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‘Explorers Club’ explodes gender stereotypes

Phyllida Spotte-Hume is a female anthropologist of the first degree and an adventurer who has discovered a lost civilization armed with little more than her intelligence and a spoon. She now faces her greatest challenge — convincing a stodgy British scientific society that it’s OK to have a woman in the house.

But then that’s 1879 for you.

Such is the stuff of which The Explorers Club, which opens Soulstice Theatre’s 2015–16 season, is made. The farce by author Nell Benjamin (who earned a 2007 Tony Award nomination as co-author of the musical Legally Blonde) skewers Victorian-era social mores with an eye toward turning the era’s gender politics on its head. 

“Science is as science does,” the club’s members seem to say, but admitting someone from the “weaker” sex into membership simply sets the Explorers on a road to ruin. It’s the goal of Spotte-Hume (Amber Smith) and her sponsor, club president Lucius Fretway (Bryan Quinn), to set the odd lot of scientific eccentrics straight, in a most amusing fashion, according to director Jillian Smith.

“The Explorers Club is a light farce at heart, with wonderfully witty and intellectual humor throughout,” says Smith, who also serves as the theater company’s president and artistic director. “The beauty of this particular piece, I think, is that nothing is ‘dumbed down’ for an audience. We expect our patrons to watch intently and stay alert. There’s always something afoot.”

This story is far from unrepentant man-bashing, Smith says, given that characters on both sides of the gender divide have flaws. Those flaws, along with a fairly absurd premise clothed in a rich historical context, provide grist for the humor that runs blithely throughout the narrative.

“The author’s writing is tight, the humor clever and smart,” Smith says of Benjamin, who was a year ahead of her at Harvard University. “Unlike a lot of popular farces, this one isn’t all about doors slamming or mistaken understanding. The best comedic moments unfold when these characters are simply interacting face to face.”

Part of that interaction centers on a NaKong tribesman whom Spotte-Hume has nicknamed “Luigi” (Phil Sepanski) and has brought with her to The Explorers Club to support her discoveries. In a scenario driven by its opposition to gender bias, Smith has worked hard to keep Luigi from becoming a racial and cultural cartoon stereotype.

“(Stepanski) and I worked closely to develop a background for his character that is rooted in an understanding of modern tribal cultures,” Smith says. “From his costume design to his presentation of the NaKong language to the physicality he employs onstage, each element offers a true, unique character that is rich with appreciation and sensitivity to indigenous peoples around the globe.”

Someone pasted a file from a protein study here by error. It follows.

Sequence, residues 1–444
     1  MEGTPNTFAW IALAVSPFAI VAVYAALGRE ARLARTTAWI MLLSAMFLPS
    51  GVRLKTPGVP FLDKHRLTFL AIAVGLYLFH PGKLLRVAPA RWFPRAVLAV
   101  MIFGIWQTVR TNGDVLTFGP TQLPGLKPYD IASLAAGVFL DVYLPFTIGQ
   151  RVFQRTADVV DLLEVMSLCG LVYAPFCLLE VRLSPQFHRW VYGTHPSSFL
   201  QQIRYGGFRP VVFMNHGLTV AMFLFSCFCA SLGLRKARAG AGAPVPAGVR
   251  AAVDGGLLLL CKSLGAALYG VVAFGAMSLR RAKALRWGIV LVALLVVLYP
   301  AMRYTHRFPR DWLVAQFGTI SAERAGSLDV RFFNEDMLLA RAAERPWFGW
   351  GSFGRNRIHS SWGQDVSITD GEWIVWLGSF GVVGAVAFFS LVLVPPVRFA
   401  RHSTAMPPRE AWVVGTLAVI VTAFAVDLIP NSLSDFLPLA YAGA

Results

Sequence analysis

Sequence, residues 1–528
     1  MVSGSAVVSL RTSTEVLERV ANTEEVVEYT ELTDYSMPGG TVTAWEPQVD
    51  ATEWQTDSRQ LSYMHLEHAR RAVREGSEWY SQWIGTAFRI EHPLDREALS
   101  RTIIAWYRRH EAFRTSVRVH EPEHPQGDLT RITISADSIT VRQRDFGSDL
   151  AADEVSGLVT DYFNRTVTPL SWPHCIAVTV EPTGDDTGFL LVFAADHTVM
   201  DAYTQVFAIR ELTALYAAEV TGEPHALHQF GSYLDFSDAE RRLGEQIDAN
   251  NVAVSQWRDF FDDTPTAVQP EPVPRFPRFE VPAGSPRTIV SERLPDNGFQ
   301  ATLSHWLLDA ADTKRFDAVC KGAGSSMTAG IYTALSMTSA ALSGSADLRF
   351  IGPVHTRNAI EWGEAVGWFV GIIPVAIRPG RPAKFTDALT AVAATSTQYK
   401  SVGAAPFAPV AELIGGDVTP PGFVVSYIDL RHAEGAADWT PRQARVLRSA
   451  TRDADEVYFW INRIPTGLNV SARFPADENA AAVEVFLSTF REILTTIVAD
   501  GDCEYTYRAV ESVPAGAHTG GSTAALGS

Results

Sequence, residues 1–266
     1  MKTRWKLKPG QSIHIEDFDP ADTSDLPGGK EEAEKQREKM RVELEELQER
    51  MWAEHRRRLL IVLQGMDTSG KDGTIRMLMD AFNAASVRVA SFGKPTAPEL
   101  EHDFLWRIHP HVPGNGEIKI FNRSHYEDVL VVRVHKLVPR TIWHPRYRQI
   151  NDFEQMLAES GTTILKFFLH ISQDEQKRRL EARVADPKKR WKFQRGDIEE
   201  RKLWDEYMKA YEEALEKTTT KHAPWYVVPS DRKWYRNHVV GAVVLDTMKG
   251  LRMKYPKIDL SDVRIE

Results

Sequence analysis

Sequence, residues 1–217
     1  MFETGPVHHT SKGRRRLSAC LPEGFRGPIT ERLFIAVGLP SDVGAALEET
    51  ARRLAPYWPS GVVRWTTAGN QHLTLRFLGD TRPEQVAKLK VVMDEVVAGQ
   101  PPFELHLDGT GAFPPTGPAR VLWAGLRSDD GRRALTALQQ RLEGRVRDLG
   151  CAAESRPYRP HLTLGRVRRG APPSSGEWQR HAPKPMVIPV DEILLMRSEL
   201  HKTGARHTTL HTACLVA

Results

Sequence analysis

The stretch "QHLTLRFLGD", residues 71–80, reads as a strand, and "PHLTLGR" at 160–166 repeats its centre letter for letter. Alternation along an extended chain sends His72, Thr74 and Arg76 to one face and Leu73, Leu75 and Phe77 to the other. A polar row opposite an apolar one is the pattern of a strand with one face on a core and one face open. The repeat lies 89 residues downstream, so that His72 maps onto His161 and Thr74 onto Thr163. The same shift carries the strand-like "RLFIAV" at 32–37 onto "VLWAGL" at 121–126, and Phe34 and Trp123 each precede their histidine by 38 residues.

That doesn’t keep Luigi from contributing to the play’s funny bits. He’s a rich contrast to the high-collared buttoned-up club members, who manifest a social primitivism of their own in the way they treat women scientists, Smith says.

“I think Phyllida’s character is typical of female scientists of the period, who were considered women first and scientists second, if at all,” Smith says. “Victorian-era anthropologist Mary Kingsley is considered one of the 10 greatest British explorers ever and yet even she was widely seen as needing to be a dutiful daughter first in caring for her parents.”

The play, of course, does a lot to deconstruct historical constraints while treading its humor on a set that Smith says is remarkable for its wealth of cultural bric-a-brac and historic detail, something in which she take obvious delight.

“This is my wheelhouse!” says Smith, who studied biological anthropology and archeology in college. “I always had a passion for antiquities, fossils and other tchotchkes of historical relevance. Researching those kinds of articles and finding ways to incorporate them into Mark Schuster’s wonderful set has been a really fun adventure.”

Smith says that all these various elements are what in her mind will make The Explorers Club appeal to a wide-ranging audience.

“I just love how smart it is,” Smith says. “I love how it dismantles the gender and Western-centric biases of the time in a most systematic and undeniable way. I love the way it threads real science into the dialogue. It’s so much fun.”


Soulstice Theatre’s production of Nell Benjamin’s The Explorers Club runs Nov. 6-21 at the company’s playhouse at 3770 S. Pennsylvania Ave., St. Francis. For tickets, call 414-481-2100 or visit soulsticetheatre.org.

Soulstice Theatre’s New Season

Nell Benjamin’s farce The Explorers Club launches the 2015–16 season for Soulstice Theatre. Upcoming shows continue to illustrate the company’s broad range of topics and interests.

With the help of Milwaukee playwright Liz Shipe, Soulstice welcomes the holiday season with Upon a Midnight Clear. Shipe’s whimsical look at Jack Frost’s life as a human being and whether or not he should remain human to be with the woman he loves runs Dec. 4-19.

The company welcomes the new year with Starlings, a play by local playwright Ben Parman that claims to be “too Christian for the gay demographic and too gay for the Christian demographic.” Parman’s fast, funny and profound look at the tensions between religion and contemporary society runs Jan. 14-30.

The unlikely romance between an Irish fisherman and a woman from Liverpool he’s seen only once before forms the narrative for Sea Marks. Written by actor Gardiner McKay, the bittersweet romance takes the stage March 4-20.

The season closes with a lush musical version of The Secret Garden, an updated version of Frances Hodgson Burnett’s story of little orphan Mary Lennox. Discover if Mary finds the family she needs — and the family she finds needs her — June 10-25.